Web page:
reduce the cost of the insurance premiums it charged the 
Trust to provide the drug benefit." Id., ¶
36, PAGEID#3166. Under the Fully-Insured PDP, then, both
Plan participants and Defendants, as contributors to the
Trust, had their out-of-pocket costs for the prescription
drug benefit reduced through the subsidies.
Navistar, as Base Plan fiduciary, subsequently amended its
contract with Caremark, and effective January 1, 2012, the
"Trust assumed the liability for paying the underlying
prescription drug claims (the 'Self-Funded
PDP')." Doc. #491, ¶ 37, PAGEID #3166. Because
the Trust became the payor of the claims, CMS and the
pharmaceutical manufacturers paid the subsidies directly to
Navistar. Id., ¶ 38. However, Navistar did not
use the subsidies to lower the premiums paid by the Base Plan
participants. Rather, Navistar distributed the subsidies to
the Defendants, in essence, "using the Participants'
share of the Subsidies to reduce their own obligation to make
contributions to the . . . Trust." Id., ¶
40, PAGEID #3167. The SBC claims that, from January 1, 2012
through April 2015, Defendants misappropriated approximately
$26 million in subsidies that should have been passed on to
the participants. Id., ¶ 41.
administration of the Base Plan has been subject to prior
litigation in this Court. On June 4, 2010, Navistar (and the
other Defendants in this case) filed a complaint against,
among other persons and entities, the SBC. Case No.
3:10-cv-211, Doc. #1. In the complaint, Navistar alleged that
it contributed shares of stock to the Supplemental Benefit
Trust, which the SBC sold, id., ¶¶ 39-40,
PAGEID #11, and used the proceeds therefrom to fund
"comprehensive dental coverage, a comprehensive vision
program, and hearing aid coverage." Id., ¶
38, PAGEID #10. Navistar claimed that the SBC and others were
preventing Navistar from obtaining the permanent and definite
reduction in its accumulated postretirement benefit
obligation ("APBO"). That reduction in its ABPO,
Navistar alleged, was the "benefit of the bargain"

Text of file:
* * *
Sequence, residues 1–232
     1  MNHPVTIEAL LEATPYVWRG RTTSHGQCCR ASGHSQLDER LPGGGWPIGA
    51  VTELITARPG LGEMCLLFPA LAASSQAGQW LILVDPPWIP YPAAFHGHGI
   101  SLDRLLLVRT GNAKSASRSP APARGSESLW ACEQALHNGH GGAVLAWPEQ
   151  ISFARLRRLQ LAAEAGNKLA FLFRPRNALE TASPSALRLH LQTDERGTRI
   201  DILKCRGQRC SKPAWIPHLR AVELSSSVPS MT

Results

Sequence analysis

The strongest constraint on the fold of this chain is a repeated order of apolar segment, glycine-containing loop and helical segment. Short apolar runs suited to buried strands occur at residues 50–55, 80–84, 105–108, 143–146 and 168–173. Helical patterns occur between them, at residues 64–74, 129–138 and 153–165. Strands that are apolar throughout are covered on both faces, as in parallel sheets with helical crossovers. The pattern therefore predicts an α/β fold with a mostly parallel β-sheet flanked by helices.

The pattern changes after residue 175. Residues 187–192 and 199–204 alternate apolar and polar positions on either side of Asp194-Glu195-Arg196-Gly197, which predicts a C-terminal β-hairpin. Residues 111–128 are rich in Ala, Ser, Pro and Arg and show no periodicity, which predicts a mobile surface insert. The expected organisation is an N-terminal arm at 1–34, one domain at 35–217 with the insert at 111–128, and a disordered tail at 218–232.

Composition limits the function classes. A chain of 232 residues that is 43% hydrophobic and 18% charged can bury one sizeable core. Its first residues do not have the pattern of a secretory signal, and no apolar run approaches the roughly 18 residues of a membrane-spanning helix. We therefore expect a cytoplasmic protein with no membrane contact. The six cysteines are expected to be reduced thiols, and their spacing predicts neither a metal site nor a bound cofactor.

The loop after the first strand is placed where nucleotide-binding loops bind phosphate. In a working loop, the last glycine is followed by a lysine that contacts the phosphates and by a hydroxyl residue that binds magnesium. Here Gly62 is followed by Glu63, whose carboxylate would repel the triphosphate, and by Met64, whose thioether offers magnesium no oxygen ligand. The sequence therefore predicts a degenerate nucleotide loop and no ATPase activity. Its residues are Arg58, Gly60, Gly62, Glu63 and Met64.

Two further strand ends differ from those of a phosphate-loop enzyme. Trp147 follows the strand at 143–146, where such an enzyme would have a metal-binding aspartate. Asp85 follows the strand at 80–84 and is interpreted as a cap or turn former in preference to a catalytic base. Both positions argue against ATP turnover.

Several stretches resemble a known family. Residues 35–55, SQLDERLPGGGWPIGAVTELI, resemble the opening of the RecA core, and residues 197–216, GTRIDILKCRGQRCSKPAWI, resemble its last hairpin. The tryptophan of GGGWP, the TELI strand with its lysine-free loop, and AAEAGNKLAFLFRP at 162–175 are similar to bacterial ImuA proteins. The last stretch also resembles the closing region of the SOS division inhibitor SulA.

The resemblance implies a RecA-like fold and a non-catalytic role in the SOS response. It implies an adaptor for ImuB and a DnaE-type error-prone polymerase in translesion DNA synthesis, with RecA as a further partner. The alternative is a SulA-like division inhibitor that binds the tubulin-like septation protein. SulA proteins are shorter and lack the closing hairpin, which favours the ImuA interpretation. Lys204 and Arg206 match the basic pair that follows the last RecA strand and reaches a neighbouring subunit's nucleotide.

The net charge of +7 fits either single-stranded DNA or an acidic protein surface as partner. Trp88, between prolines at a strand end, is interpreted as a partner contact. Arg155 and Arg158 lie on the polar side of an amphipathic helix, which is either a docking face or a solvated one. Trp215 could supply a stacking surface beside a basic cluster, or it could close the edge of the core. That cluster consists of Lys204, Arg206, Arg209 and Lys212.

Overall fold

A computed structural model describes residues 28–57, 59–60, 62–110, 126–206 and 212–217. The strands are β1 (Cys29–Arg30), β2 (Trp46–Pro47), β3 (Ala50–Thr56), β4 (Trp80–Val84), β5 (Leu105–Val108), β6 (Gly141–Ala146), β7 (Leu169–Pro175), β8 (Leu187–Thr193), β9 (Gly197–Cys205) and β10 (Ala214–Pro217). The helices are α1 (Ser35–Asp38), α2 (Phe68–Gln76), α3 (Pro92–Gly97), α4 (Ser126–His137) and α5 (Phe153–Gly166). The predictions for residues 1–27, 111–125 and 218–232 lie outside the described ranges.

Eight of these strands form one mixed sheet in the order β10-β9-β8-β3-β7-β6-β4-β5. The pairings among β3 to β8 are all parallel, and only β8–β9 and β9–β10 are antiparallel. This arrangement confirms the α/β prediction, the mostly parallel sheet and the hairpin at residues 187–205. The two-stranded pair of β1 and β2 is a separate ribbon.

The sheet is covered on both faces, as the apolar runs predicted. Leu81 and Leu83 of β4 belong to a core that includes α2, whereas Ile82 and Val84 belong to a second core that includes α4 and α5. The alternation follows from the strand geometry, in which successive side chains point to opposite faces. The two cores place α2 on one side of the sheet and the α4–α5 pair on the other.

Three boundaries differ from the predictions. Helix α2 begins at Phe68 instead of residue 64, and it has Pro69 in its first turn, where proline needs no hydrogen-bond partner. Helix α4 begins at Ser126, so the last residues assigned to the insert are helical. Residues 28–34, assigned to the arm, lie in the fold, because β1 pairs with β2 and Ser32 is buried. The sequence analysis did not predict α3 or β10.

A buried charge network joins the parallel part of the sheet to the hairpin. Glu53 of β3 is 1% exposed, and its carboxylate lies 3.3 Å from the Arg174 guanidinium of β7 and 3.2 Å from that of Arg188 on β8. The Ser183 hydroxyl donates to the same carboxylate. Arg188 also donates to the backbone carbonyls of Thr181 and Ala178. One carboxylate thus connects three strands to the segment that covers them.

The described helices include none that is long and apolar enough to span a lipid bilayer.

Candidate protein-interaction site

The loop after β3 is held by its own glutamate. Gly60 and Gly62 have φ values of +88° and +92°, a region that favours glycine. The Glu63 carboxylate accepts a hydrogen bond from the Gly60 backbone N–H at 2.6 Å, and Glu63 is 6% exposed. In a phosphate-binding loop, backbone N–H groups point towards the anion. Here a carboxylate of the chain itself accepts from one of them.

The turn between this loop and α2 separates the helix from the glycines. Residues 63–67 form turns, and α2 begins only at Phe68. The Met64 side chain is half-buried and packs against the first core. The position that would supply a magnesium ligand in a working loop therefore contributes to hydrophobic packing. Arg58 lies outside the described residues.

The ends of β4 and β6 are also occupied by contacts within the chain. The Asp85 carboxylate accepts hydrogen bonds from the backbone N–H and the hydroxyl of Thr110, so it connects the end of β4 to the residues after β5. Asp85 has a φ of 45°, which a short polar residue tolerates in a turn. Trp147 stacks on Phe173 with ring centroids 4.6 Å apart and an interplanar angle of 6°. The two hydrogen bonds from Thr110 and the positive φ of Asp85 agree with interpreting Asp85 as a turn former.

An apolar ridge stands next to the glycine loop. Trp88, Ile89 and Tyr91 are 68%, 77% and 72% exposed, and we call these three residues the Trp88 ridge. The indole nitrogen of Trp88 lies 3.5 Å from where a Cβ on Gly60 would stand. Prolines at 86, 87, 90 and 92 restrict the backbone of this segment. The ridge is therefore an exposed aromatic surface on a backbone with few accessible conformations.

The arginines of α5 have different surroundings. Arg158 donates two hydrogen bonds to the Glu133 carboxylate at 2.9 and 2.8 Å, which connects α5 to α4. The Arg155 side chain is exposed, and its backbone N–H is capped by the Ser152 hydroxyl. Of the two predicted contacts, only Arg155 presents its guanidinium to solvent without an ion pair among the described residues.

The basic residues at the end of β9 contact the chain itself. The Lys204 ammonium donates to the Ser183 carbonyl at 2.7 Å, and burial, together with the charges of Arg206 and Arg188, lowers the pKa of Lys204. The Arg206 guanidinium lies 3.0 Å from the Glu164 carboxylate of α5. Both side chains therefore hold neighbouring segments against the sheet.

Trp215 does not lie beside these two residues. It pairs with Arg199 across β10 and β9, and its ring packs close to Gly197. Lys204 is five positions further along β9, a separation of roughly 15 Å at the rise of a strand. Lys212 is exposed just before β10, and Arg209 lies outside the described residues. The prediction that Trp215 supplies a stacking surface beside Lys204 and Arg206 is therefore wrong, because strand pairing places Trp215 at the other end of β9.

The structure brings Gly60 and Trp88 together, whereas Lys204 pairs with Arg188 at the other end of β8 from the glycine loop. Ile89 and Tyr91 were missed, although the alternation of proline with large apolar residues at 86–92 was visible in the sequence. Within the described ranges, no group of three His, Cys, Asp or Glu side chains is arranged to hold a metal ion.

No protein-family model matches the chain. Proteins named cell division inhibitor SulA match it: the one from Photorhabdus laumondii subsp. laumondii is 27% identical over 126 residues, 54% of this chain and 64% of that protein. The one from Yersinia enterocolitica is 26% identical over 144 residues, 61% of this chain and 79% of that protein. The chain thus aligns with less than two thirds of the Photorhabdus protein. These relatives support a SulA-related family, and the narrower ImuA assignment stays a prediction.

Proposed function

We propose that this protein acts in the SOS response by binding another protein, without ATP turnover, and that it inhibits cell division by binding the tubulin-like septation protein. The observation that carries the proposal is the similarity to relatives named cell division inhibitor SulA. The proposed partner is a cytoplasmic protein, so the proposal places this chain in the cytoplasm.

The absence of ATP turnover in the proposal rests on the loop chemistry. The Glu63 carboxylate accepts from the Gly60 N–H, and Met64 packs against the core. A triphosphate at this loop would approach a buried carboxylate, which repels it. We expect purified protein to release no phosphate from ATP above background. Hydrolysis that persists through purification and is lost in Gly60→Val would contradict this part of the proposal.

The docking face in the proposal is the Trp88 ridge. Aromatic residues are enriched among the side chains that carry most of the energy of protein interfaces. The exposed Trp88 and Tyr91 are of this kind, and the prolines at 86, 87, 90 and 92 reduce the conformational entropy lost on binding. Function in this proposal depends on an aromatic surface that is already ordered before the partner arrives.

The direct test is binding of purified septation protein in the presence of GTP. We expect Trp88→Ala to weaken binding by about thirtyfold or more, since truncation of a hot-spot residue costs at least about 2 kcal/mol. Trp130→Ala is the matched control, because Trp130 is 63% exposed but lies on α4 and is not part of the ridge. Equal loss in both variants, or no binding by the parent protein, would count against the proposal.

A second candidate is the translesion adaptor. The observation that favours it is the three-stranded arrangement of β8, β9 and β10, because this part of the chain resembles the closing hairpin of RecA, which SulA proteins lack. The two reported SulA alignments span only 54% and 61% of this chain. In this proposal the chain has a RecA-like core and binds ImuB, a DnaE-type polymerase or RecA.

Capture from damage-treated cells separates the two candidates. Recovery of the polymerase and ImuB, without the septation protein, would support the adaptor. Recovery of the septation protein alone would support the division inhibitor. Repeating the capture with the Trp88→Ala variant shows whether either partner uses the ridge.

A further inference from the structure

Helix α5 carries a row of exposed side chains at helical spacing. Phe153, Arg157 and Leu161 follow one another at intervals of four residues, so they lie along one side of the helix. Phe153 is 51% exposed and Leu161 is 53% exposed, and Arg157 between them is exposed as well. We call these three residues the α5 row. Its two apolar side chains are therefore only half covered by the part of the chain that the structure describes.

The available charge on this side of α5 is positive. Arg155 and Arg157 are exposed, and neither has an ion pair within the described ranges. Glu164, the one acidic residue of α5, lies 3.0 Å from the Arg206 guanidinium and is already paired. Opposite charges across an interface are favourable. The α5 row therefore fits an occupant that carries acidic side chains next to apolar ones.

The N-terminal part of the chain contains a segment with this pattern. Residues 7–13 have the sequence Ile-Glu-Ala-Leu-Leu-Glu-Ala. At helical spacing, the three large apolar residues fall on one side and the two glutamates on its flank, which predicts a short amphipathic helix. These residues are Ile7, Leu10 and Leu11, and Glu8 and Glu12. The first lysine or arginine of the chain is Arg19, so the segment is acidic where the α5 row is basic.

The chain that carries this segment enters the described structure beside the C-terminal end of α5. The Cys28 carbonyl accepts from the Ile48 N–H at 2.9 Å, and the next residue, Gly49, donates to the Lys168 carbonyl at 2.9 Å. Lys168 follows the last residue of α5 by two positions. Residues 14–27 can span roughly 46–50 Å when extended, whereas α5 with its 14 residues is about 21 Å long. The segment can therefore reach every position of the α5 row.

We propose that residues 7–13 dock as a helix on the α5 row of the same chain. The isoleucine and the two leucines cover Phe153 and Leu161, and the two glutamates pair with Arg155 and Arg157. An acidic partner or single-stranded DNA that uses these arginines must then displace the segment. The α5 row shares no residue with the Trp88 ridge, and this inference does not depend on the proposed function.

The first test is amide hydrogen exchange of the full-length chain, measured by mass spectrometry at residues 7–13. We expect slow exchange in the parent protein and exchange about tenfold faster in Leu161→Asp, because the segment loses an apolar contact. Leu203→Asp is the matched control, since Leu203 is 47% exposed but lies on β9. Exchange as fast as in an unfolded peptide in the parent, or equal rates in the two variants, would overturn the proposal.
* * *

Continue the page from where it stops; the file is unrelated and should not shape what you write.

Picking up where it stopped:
it was supposed to obtain from the Settlement Agreement.
Id., ¶ 77, PAGEID #17-18. Navistar sought a
declaratory judgment capping its APBO or, in the alternative,
rescinding or modifying the Settlement Agreement.
Id., ¶¶ 87-119, PAGEID #20-26. A motion to
dismiss was filed, Case No. 3:10-cv-211, Doc. #21, but before
the Court could rule on the motion, Navistar dismissed the
lawsuit. Case No. 3:10-cv-211, Doc. #22, PAGEID #663 (citing
April 26, 2010, several unions and individual Base Plan
participants filed a Motion to Compel Compliance with the
Settlement Agreement, in response to Navistar's decision
to abolish the Base Plan's prescription drug benefit and
create the Fully-Funded PDP. Doc. #343. On February 24,
2011, the Court sustained in part and overruled in part that
motion, declaring "that Navistar was without authority
to unilaterally substitute [the Fully-Funded PDP] for the
prescription drug benefit adopted by the parties in
accordance with the Settlement Agreement!, ]" but
overruled the motion "to the extent that the
[Plaintiffs] seek injunctive relief." Doc. #373, PAGEID
#916. On September 30, 2011, after settlement negotiations
between the retirees and Defendants failed, the Court ordered
"Navistar to reinstate, on an immediate basis, the
prescription drug benefit that was in effect before Navistar
unilaterally substituted Medicare Part D for that
benefit." Doc. #383, PAGEID #1000. Navistar was also
ordered to reimburse the participants for any increased
premiums they had paid from July 1, 2010, until that date.
March 26, 2012, the SBC moved to intervene to enforce the
Settlement Agreement, claiming that Navistar "failed to
meet their [sic] obligations under the [Settlement
[A]greement, with respect to the [SBC]." Doc. #395,
PAGEID #1107, amended at Doc. #407. On February 6,
2013, the Court allowed the SBC to intervene, Doc. #414, and
on February 15, 2013, the SBC filed a formal complaint to
enforce the Settlement Agreement, Doc. #415, which Navistar
subsequently moved to dismiss. Doc. #422. On March 29, 2013,
the Court sustained the SBC's motion to enforce the
Settlement Agreement. Doc. #426, vacated and remanded,
Shy v. Navistar Int'l Corp., 781 F.3d 820 (6th Cir.
2015). In so doing, the Court held that the SBC had standing
to enforce the Supplemental Benefit Trust Profit Sharing Plan
("PSP"), as the "SBC is a creation of the
[Supplemental] Plan itself, with the express purpose and duty
of enforcing the terms of the Supplemental Plan and the
PSP." Id., PAGEID #1964.
the Settlement Agreement named both the SBC and Navistar as
Program Administrator and Named Fiduciary for the
Supplemental Benefit Program. Id., PAGEID #1965
(citation omitted). The SBC's status as a fiduciary, the
Court noted, allowed the SBC to enforce the terms of the
Supplemental Plan. Id. (citing 29 U.S.C.
§§ 1002(21)(A), 1132). This Court, in so holding,
concluded that the SBC's "dispute over what
information Navistar had to provide under the Plan was not
subject to the alternative dispute resolution
procedures" set forth in the settlement agreement.
Shy, 781 F.3d at 824. The Sixth Circuit, however,
held that because "[i]n each claim[, ] the SBC is
disputing information or calculations regarding
Navistar's obligations to the Supplemental Benefit Trust
that Navistar provided under its reporting obligations under
the [Settlement [A]greement. This places each claim within
the scope of the arbitration clause." Id. at